What is the timeline for potentially using this vaccine for pre-emptive protection in endemic communities?

Our project aims to provide the evidence the Government of Bangladesh needs to move forward in deciding whether to incorporate cholera vaccination against endemic disease. The project is two years in duration, and we hope that by its end, we would see decisions about vaccine introduction to be made soon thereafter. 

This is very exciting. People have been talking about using oral cholera vaccine in Bangladesh for many years. 30 years ago, icddr,b conducted the world's first  field trial of the  efficacy of an oral cholera vaccine against endemic chollera, and there has always been hope that such a vaccine could transition into programs to control the endemic problem, especially among the poor.

So why the gap? What happened in those 30 years that we are only now coming closer to this strategy?

The vaccine that was licensed based on the 1980s field trial was safe and effective, but proved too costly for developing-country programs. Also, because it had to be given with a liquid buffer, it was challenging to administer in some settings. As well, there has been a historical tension between those favoring vaccine strategies and those focusing on controlling cholera through traditional means like improved water and hygiene and improved treatment. Of course in an outbreak, treatment is priority number one.

We have come to realize that, clearly, improved water and sanitation are the ultimate solution to preventing cholera. And vaccines are just one tool to be considered in concert with other approaches. But achievement of the levels of improvement in WASH per se that would be necessary to control cholera is probably not a near-term goal. Urbanization, for example, creates even more challenges for delivering clean water, providing good sanitation, and changing hygienic behaviors. So now there is widespread agreement that we ought to be thinking about using every tool in our toolbox to prevent cholera. In fact, there are good theoretical reasons to believe that even provision of WASH at a level that is not sufficient to control cholera may enhance the performance of oral cholera  vaccine. There's inherent synergy between these two approaches.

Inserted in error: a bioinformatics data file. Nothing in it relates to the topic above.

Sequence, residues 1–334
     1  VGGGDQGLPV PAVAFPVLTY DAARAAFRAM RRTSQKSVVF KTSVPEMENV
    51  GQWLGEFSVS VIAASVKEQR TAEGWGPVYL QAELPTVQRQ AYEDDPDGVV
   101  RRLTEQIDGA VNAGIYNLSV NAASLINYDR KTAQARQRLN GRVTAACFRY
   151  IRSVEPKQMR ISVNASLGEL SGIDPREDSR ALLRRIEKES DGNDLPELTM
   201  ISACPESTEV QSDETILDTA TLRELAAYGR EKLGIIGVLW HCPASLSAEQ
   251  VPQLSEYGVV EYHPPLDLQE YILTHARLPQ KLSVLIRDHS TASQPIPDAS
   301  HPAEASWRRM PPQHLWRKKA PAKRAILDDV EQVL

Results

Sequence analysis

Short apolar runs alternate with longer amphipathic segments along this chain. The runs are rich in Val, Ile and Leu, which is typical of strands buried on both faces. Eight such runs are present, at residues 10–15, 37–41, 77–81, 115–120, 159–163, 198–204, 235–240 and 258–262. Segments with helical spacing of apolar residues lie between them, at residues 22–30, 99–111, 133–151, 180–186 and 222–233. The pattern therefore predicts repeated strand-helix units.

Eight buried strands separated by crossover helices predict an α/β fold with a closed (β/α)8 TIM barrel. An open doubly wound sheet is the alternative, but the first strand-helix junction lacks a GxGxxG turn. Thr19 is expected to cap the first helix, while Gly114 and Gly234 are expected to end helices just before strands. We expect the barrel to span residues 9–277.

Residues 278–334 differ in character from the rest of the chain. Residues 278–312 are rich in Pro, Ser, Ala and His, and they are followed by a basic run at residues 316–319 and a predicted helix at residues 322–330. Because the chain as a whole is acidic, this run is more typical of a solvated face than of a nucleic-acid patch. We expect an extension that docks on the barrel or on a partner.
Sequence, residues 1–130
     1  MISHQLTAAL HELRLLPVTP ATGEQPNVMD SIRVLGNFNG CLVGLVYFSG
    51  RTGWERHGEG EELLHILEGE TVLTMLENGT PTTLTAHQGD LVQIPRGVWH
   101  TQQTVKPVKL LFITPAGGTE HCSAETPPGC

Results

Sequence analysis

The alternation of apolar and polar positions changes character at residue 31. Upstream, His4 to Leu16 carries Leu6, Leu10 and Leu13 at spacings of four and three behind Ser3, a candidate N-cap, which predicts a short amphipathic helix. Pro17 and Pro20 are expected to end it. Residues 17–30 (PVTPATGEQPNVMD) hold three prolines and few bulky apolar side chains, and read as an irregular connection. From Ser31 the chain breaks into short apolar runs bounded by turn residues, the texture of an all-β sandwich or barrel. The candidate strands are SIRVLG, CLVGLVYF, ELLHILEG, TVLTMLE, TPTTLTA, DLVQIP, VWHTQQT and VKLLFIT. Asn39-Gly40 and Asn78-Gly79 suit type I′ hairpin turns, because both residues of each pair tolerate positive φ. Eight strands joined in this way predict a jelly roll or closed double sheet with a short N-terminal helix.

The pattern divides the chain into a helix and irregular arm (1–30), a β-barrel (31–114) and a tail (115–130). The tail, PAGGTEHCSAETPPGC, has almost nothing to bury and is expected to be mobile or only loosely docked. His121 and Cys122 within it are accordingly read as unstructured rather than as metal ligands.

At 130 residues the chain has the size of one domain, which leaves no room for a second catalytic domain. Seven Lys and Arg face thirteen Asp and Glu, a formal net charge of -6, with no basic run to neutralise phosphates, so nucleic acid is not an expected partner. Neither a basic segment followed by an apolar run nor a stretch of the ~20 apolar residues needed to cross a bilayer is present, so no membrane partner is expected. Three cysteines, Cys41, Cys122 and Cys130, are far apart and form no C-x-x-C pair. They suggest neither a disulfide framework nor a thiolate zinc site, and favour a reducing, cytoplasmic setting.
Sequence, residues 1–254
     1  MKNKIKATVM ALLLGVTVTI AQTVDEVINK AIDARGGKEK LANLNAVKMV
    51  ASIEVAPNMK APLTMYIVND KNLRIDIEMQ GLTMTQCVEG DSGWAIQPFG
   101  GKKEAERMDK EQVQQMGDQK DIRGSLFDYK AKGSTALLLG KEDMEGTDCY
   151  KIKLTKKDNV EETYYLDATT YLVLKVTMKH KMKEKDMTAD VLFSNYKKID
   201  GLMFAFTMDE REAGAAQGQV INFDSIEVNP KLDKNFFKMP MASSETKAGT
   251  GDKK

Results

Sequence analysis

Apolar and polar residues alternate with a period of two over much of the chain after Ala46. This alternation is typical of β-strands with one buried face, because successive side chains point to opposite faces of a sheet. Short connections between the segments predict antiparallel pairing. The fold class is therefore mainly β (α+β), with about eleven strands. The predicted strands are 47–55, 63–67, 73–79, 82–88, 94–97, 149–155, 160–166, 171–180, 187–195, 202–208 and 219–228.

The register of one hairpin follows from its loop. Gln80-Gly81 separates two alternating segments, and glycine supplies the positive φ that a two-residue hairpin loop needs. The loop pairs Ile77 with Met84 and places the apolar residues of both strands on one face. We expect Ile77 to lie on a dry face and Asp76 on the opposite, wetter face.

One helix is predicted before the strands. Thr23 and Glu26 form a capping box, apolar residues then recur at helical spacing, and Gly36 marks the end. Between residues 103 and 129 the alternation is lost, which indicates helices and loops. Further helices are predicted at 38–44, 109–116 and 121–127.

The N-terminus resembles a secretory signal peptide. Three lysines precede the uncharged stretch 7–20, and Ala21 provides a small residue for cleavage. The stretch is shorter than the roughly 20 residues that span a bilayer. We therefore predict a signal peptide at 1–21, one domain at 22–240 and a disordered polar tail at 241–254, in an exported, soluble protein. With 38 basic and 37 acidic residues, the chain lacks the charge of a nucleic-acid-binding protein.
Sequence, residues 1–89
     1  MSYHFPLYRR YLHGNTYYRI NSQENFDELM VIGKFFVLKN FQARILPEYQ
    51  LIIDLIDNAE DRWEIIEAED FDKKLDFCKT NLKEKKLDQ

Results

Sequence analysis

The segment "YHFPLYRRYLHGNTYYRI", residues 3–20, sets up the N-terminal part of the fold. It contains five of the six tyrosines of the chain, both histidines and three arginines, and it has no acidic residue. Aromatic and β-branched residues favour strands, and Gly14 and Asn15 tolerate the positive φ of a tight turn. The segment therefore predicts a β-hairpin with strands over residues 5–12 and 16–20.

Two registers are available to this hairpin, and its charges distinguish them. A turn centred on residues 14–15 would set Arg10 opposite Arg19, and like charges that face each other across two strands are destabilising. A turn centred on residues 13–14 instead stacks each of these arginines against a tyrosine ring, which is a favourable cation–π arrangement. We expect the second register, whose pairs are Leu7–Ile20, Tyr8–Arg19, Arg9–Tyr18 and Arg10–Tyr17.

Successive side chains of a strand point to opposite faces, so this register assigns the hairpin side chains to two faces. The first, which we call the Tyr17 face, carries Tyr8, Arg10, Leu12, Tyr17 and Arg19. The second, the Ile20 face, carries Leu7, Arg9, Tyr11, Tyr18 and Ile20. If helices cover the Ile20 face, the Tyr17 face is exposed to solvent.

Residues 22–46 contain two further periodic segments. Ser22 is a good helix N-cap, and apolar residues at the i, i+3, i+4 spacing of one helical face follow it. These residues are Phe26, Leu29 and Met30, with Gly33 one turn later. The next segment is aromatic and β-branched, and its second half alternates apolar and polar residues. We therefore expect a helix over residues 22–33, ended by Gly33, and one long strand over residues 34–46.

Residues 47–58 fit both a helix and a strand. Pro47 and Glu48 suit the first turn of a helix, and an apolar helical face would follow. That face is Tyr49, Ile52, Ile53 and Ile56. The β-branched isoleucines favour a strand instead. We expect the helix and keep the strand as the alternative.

This study was quite large, with 250,000 subjects. Is it typical for icddr,b to conduct studies at this scale? What are the keys to success?

icddrb has a history of conducting very large studies, but this is the largest vaccine study that we have ever undertaken. Proper training, supervision, and quality control are always important. But an essential component is having trusting relationships with the community. Community trust is absolutely essential. And that has been a hallmark of icddrb's work, being able to develop these relationships over the long term.

You've worked in diarrhea research, in Bangladesh, and with iccddr,b for quite a long time. What do the results of this study mean for you?

The results of this study indicate clearly that the evidence base for moving ahead in vaccinating against endemic cholera is now nearly complete. It's a very important step forward. 


Photo credit: M.Dorgabekova.